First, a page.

An R.  Fast-food and full-service restaurant consumption and daily energy and nutrient intakes in US adults.  European Journal of Clinical Nutrition.  Available online ahead of publication 1 July 2015. DOI: 10.1038/ejcn.2015.104

Tuesday, July 14, 2015


Diets rich in antioxidant phytonutrients called polyphenols are associated with lower systemic inflammation and improved health.  Resveratrol, abundant in dark chocolate, red wine, berries, and nuts is one of the most studied phenolic compounds.  A growing number of small studies have linked supplementation with resveratrol to improvements in blood cholesterol, body fat percentage, weight, exercise performance and recovery, and biomarkers of inflammation.   A new experimental study in mice has revealed that polyphenols may help protect against obesity and related metabolic diseases by promoting the "browning" of white fat tissue.  Unlike most fat stores, brown fats are very metabolically active and promote the breakdown of fat stores.

In the study, female mice fed a high-fat diet supplemented with resveratrol were found to be 40% less likely to develop diet-induced obesity than control mice whose diets were not supplemented with the polyphenol compound.  Resveratrol appeared to induce brown-like fat formation in white fat by increasing the expression of genes specific to brown fat cells and stimulating fatty acid breakdown.

While it is not known whether resveratrol stimulates the browning of white fats in humans, some studies in humans suggest resveratrol has similar  metabolic  effects.  For example, in a 2014 randomized cross-over experimental study, researchers found 30 days of 150mg resveratrol supplementation significantly decreased fat cell size compared to placebo.  The study also revealed that resveratrol supplementation resulted in increased expression of genes involved in fat breakdown.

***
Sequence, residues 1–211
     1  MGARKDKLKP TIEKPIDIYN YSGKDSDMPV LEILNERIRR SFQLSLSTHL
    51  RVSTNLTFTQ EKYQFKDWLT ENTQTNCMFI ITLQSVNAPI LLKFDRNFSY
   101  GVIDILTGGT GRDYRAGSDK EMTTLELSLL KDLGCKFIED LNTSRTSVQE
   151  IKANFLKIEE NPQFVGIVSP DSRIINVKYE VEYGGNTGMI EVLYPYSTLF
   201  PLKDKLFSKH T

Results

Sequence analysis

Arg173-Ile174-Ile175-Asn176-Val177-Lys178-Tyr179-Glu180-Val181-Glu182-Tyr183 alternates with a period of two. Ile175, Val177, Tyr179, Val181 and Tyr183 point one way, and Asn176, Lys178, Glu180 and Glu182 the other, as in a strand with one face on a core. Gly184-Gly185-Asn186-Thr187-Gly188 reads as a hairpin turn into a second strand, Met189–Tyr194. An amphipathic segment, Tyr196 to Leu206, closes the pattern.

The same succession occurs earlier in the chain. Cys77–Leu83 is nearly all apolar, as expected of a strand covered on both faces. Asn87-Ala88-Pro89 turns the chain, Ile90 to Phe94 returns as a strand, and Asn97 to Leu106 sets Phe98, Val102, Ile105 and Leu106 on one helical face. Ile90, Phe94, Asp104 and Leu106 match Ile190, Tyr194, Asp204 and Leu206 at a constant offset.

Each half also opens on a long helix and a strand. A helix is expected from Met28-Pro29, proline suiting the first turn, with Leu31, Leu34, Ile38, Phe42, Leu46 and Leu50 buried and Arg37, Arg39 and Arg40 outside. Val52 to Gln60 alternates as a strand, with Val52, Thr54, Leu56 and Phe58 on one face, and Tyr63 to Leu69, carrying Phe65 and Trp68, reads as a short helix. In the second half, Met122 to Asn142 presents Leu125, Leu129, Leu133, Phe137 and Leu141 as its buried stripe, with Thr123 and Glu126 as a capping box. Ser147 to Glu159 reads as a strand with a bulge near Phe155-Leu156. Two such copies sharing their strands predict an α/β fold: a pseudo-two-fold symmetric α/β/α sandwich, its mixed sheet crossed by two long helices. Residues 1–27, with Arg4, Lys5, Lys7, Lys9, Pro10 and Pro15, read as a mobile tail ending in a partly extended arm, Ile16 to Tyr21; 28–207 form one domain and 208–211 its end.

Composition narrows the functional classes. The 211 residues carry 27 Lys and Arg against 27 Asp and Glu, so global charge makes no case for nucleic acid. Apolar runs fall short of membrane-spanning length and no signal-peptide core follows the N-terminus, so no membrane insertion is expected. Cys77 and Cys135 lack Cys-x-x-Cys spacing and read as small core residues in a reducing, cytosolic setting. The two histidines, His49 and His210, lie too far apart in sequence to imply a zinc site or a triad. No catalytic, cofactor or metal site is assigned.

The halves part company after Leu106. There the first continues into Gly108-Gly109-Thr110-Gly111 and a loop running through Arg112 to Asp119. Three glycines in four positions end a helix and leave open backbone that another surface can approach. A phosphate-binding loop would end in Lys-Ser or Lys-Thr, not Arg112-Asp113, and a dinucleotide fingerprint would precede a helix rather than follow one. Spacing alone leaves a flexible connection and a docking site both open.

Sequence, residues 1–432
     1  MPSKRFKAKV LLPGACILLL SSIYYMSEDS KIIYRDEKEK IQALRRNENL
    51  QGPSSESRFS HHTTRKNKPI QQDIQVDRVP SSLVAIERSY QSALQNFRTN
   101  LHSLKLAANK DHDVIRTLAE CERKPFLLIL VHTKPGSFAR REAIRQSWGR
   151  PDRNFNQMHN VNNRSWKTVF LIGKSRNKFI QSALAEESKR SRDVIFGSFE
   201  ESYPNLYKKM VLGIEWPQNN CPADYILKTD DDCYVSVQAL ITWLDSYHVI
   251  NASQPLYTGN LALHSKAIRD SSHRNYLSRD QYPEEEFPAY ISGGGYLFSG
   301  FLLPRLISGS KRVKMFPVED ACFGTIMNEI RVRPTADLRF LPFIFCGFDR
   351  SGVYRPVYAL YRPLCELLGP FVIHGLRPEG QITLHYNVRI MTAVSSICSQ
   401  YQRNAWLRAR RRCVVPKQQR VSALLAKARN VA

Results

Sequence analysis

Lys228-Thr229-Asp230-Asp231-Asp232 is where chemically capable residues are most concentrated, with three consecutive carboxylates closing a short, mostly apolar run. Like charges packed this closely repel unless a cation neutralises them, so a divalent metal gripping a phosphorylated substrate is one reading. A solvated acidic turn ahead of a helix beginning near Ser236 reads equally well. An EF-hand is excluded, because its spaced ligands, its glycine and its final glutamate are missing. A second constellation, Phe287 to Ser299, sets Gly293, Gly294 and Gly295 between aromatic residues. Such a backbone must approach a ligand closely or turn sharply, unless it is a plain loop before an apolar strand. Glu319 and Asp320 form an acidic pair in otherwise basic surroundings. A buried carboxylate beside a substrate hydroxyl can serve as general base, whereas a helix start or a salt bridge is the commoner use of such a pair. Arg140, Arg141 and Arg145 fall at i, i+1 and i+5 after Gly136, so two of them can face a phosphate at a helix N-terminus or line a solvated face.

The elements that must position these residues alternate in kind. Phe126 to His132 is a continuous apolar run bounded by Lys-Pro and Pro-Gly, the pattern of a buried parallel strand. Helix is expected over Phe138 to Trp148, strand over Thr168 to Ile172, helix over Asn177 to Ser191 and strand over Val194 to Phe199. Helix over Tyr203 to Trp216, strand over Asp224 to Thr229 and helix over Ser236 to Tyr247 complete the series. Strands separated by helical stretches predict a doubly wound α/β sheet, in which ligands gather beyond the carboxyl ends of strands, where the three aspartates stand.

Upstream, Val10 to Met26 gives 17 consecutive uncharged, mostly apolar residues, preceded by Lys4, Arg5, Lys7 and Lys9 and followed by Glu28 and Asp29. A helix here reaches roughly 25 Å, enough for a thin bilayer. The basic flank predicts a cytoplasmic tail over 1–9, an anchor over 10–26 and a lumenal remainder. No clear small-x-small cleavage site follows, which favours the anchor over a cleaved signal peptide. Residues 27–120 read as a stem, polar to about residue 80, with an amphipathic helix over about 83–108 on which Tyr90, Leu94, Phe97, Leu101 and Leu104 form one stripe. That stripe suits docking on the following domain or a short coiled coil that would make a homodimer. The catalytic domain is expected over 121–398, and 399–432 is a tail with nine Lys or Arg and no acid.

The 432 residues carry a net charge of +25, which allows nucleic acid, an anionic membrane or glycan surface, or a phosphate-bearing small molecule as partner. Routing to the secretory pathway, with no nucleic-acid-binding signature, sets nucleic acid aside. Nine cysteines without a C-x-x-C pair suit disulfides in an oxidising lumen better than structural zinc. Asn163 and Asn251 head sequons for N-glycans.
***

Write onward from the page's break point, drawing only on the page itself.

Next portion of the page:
What to do:  While preliminary evidence is encouraging, larger studies need to be conducted to truly determine whether it is useful and safe to supplement with resveratrol.  In the meantime, there is plenty of evidence that consuming a diet high in polyphenols helps to reduce inflammation and improve chronic disease risk.  Foods richest in polyphenols include cocao powder and dark chocolate (look for at least 70% cocoa), flax seeds, blueberries, red grapes, red wine, pecans, hazelnuts, plums, and artichokes.  Most herbs and spices also contain high levels of polyphenols.  Foods especially high in resveratrol specifically, include purple grape juice, red wine, red grapes, peanuts, cocoa, blueberries, and cranberries.  

Adapted from article available at:

Wang S, X Liang, Q Yang. Resveratrol induces brown-like adipocyte formation in white fat through activation of AMP-activated protein kinase. International Journal of Obesity2015 39: 967–976.  DOI:10.1038/ijo.2015.23.  Published online ahead of print March 12, 2015.

Konings E, Timmers S, Boekschoten MV et al.  The effects of 30 days resveratrol supplementation on adipose tissue morphology and gene expression patterns in obese men.  International Journal of Obesity. 2014 Mar;38(3):470-3. DOI:10.1038/ijo.2013.155. Published online ahead of print Aug 20, 2013.

Timmers S,  Konings E, Bilet L et al.  Calorie restriction-like effects of 30 days of resveratrol supplementation on energy metabolism and metabolic profile in obese humans. Cell Metabolism2011 Nov 2;14(5):612-22. DOI: 10.1016/j.cmet.2011.10.002.